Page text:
Getting ready for your trip to Greece? Don’t forget to brush up on your Greek language skills! Learning a few words and phrases in the local language is important for every trip, and in Greece, it’s a great way to leave a good impression and enrich your travel experience. While the Greek language can be difficult to master, it won’t take long to learn some simple Greek phrases and expressions. From greeting someone to getting directions, here are the handiest Greek phrases to learn before your trip to Greece.
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Common Greek words and phrases to learn
Hello: Γεια (Yah). This is the most common Greek greeting used for all occasions.
If you’re greeting one person, you can say Γειά σου (YAH su).
If you’re greeting a group, you should say Γεια σας (YAH sas). You should also use “YAH sas” when you need to be formal and polite, such as when you’re greeting someone you don’t know, an elderly person, or your boss.
How are you?: Tι κανείς (tee-KAH-nis)?
My name is… : Με λένε (may LEH-neh)…
What is your name?: πως σε λένε (pos-oh LEH-neh)?
Nice to meet you: Χάρηκα πολύ (HA-ree-ka po-LEE)
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Thank you: Ευχαριστώ (eff-kha-ri-STOE)
Please/you’re welcome: Παρακαλώ (para-kah-LOE). This word means both “please” and “you’re welcome”, making it a very important word to learn. You can even use it to mean “I beg your pardon?” when you want someone to repeat what they said.
Sorry/Excuse me: Συγνώμη (See-GHNO-mee). You can say this to apologise, get someone’s attention, or to pass someone.
Yes: Ναί (neh)
No: όχι (OH-hee). Watch out – it can be easy for English speakers to confuse yes and no and “neh” sounds similar to “no” and “OH-hee” sounds similar to “okay” in English.
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Common Greek greetings
Good morning/good day: Καλημέρα (kah-lee-MER-ah). You’ll hear this greeting all over Greece and it’s used in the morning hours until noon. It comes from the words kali or kalo (meaning “beautiful” and “good”) and imera (meaning “day”).
Good afternoon/evening: Καλησπέρα (kah-lee-SPER-ah). You can start using this greeting around dusk and use it throughout the evening to say goodbye.
Goodnight: Καληνύχτα (kah-lee-NEEKH-tah). Use this when you’re going to bed.
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Goodbye (formal): Αντίο σας (antio-sas). You can also just say antio – it’s similar to “adios” in Spanish.
Goodbye (informal): Γειά σου (YAH-soo). If you’re being very informal, you can simply say “yah” (the same as hello). Again, if you’re saying goodbye to a group, say “YAH-sas”. “Yah” is similar to saying “ciao” in Italian or “salut” in French – it’s an informal way to say both hello and goodbye.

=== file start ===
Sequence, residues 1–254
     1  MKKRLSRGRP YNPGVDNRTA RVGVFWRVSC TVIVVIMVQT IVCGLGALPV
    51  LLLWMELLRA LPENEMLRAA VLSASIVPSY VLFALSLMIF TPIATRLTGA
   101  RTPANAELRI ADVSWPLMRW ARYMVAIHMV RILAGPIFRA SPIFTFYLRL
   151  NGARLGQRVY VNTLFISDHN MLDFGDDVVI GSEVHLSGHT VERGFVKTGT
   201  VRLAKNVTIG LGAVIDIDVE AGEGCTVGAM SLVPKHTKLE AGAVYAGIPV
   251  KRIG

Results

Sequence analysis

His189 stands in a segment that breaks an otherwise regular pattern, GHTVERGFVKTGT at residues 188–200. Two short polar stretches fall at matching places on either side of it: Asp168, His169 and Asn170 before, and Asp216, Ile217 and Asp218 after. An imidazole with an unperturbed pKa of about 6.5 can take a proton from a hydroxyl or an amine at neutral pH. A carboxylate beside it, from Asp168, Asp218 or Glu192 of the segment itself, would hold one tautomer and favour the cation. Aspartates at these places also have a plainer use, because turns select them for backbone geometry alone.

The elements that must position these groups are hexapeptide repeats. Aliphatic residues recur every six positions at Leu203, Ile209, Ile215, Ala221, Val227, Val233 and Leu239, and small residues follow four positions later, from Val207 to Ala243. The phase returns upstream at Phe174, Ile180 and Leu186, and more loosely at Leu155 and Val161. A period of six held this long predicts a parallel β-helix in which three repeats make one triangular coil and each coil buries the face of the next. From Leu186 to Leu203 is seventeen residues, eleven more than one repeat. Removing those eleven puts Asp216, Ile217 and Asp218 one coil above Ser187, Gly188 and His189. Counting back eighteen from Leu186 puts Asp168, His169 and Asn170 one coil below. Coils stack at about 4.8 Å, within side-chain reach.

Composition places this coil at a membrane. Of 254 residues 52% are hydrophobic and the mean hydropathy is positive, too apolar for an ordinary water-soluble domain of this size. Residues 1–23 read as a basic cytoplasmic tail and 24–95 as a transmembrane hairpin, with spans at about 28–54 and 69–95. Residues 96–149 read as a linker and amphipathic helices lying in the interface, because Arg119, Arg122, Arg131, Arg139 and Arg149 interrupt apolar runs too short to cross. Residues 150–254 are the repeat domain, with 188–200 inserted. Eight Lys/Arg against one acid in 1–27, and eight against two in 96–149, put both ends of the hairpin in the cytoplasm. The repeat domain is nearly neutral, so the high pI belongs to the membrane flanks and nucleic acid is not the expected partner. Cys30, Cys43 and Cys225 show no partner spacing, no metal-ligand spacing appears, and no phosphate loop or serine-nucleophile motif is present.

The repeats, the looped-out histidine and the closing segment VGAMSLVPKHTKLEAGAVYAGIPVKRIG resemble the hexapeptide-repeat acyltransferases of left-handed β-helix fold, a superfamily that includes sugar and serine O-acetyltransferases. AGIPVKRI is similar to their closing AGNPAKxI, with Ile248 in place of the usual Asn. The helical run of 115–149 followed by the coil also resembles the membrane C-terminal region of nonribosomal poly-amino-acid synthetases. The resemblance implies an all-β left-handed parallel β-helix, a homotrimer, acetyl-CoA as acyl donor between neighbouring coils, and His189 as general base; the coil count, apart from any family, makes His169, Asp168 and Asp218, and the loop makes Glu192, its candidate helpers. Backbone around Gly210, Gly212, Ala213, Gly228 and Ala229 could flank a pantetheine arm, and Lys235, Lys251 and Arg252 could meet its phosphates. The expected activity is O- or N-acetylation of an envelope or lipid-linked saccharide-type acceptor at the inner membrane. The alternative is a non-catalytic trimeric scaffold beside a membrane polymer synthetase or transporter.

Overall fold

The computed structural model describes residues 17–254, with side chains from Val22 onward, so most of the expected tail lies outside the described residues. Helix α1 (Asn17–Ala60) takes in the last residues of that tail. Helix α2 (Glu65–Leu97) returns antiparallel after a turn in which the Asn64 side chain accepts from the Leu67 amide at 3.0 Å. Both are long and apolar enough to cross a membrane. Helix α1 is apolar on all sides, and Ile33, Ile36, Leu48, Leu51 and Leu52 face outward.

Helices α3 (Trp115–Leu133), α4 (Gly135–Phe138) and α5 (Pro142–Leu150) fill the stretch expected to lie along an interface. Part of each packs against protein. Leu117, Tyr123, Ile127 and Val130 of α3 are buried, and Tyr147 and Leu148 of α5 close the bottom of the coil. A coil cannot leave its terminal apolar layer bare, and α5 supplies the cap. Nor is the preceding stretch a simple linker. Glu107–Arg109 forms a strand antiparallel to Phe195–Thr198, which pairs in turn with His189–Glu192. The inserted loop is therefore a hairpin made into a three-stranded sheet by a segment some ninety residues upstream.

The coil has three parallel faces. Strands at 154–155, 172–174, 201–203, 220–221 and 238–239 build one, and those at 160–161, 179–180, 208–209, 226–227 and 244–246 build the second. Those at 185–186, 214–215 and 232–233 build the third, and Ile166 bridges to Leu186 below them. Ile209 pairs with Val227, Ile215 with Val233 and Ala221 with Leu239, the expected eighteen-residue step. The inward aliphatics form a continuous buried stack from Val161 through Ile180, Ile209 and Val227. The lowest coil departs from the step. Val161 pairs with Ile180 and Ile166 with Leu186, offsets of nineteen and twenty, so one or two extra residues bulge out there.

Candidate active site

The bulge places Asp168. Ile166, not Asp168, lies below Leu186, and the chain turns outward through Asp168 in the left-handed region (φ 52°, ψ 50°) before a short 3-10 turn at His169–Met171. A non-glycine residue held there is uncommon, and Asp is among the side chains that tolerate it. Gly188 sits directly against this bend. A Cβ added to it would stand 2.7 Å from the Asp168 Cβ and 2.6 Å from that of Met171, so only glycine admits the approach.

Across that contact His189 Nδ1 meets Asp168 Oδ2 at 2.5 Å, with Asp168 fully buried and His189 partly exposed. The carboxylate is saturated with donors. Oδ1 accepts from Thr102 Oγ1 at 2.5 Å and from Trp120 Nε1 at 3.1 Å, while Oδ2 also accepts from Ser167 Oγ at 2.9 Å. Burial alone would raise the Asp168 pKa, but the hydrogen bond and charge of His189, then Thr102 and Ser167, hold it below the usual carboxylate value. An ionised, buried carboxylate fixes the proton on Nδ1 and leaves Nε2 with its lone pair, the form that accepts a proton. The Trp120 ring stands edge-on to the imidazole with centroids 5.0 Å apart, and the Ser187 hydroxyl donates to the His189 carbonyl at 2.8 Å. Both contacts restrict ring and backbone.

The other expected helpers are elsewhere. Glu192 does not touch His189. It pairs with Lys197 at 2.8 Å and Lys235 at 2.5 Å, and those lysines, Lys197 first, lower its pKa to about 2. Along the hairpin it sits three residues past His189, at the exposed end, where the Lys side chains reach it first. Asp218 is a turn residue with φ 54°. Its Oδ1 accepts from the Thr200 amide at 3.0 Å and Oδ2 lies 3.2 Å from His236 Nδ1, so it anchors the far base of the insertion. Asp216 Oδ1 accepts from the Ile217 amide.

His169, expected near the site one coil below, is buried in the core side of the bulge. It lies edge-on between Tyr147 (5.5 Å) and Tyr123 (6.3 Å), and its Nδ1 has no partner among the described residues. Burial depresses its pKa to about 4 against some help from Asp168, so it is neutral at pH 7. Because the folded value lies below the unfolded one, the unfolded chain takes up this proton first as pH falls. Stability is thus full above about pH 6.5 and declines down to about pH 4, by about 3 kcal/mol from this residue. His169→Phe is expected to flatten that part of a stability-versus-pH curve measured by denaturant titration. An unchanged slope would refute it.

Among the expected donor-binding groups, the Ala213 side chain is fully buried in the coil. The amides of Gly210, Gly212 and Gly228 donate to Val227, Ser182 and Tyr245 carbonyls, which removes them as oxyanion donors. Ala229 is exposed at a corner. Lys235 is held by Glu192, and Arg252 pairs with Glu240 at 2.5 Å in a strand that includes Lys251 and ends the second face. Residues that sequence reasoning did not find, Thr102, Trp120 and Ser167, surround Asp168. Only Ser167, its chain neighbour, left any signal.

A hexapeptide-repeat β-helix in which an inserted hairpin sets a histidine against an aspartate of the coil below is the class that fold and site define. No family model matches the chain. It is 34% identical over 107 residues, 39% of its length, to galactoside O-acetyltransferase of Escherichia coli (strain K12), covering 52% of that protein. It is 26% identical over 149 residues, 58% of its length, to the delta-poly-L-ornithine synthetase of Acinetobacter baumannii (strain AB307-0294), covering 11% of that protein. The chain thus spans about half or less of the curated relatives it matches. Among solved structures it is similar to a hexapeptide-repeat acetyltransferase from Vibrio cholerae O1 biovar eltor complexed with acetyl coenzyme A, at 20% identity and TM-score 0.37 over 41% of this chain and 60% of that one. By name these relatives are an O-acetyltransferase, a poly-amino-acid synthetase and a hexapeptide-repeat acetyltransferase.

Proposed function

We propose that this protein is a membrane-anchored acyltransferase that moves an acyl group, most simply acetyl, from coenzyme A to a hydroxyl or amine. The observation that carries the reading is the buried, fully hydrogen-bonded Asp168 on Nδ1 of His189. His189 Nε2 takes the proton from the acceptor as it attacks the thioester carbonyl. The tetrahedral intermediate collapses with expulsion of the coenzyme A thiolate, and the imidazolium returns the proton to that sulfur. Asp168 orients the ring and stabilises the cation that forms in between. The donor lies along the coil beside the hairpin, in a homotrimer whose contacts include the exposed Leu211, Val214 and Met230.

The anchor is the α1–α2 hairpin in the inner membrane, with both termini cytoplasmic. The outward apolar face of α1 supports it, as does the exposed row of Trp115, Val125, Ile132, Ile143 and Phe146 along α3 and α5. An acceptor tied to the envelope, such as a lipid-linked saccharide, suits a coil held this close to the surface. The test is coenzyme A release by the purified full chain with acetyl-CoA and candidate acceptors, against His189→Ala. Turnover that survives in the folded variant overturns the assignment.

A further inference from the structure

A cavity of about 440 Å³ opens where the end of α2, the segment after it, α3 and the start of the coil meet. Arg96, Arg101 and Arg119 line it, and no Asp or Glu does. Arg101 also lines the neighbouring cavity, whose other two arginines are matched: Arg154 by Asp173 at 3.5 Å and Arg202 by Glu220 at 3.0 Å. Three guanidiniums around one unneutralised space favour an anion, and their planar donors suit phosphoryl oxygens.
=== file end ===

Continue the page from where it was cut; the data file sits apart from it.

See you again/until next time: Τα λέμε (tah-LEH-meh).
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Handy Greek phrases for travellers
Do you speak English?: Μιλάτε αγγλικά (Mee-LAH-teh ag-li-KAH)?
I don’t understand: Δεν καταλαβαίνω (Then Kah-tah-lah-VEH-noh)
I am lost: Χάθηκα (KA-thi-ka)
Where is… ?: που είναι (Poh-EE-nay)
Where is the bathroom?: Πού είναι η τουαλέτα (Poh-EE-nay ee tua-LEH-tah)?
If you’re getting directions, you’ll need to know right (δεξιά – decks-yah) and left (αριστερά – ar-ee-stare-ah).
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How much is it?: Πόσο κάνει αυτό (POH-soh KAH-nee af-TOH)?
Help!: Βοήθεια (voh-EE-thee-yah)
Cheers!: Στην υγειά μας! (STIN-eh YAH-mas). This literally translates to “To our health!”. You can also say “STIN-eh YAH-sas,” which means “To your health!”
Bottoms up!: Ασπρο πάτο (AHS-pro PAH-toh)
I love Greece: Αγαπώ την Ελλάδα (Ah-gah-POH teen Eh-LAH-tha)
Oops!: Ωπα (OH-pa). “Opa” is one of the most famous Greek words. It originally meant “oops” but now it’s often used to express joy and show appreciation, especially at a celebration.
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Tips for speaking Greek
If you’re having trouble remembering all the different greetings, you can’t go wrong with just saying Γεια (Yah) and giving a friendly wave of the hand. If it’s a formal occasion, say Γεια σας (Ya sas) and shake hands. You’ll likely see the locals greeting each other with air kisses, however, this is typically only used between friends and relatives, so don’t use this with every greeting!
Greek is a pitch-accent language, meaning that words that look the same can have different meanings depending on the way they are accented. If you mispronounce a word with the incorrect accent, many Greeks will not understand what you mean. So it’s important to get those accents right! If you’re having trouble, try emphasising different syllables of the word. Getting nowhere? Try using a handy translator app on your phone.
If you keep confusing “yes” and “no” in Greek, you might like to try using a mnemonic device, like a rhyme, acronym or song to help you remember.
Did you know the Ancient Greeks developed mnemonic devices thousands of years ago to help them memorise long speeches? The word “mnemonic” comes from the Greek word “mnemom” meaning “to remember” and Mnemosyne was the Goddess of Memory in Greek mythology.
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Have you learned any Greek expressions or phrases for your trip to Greece? Let us know in the comments below!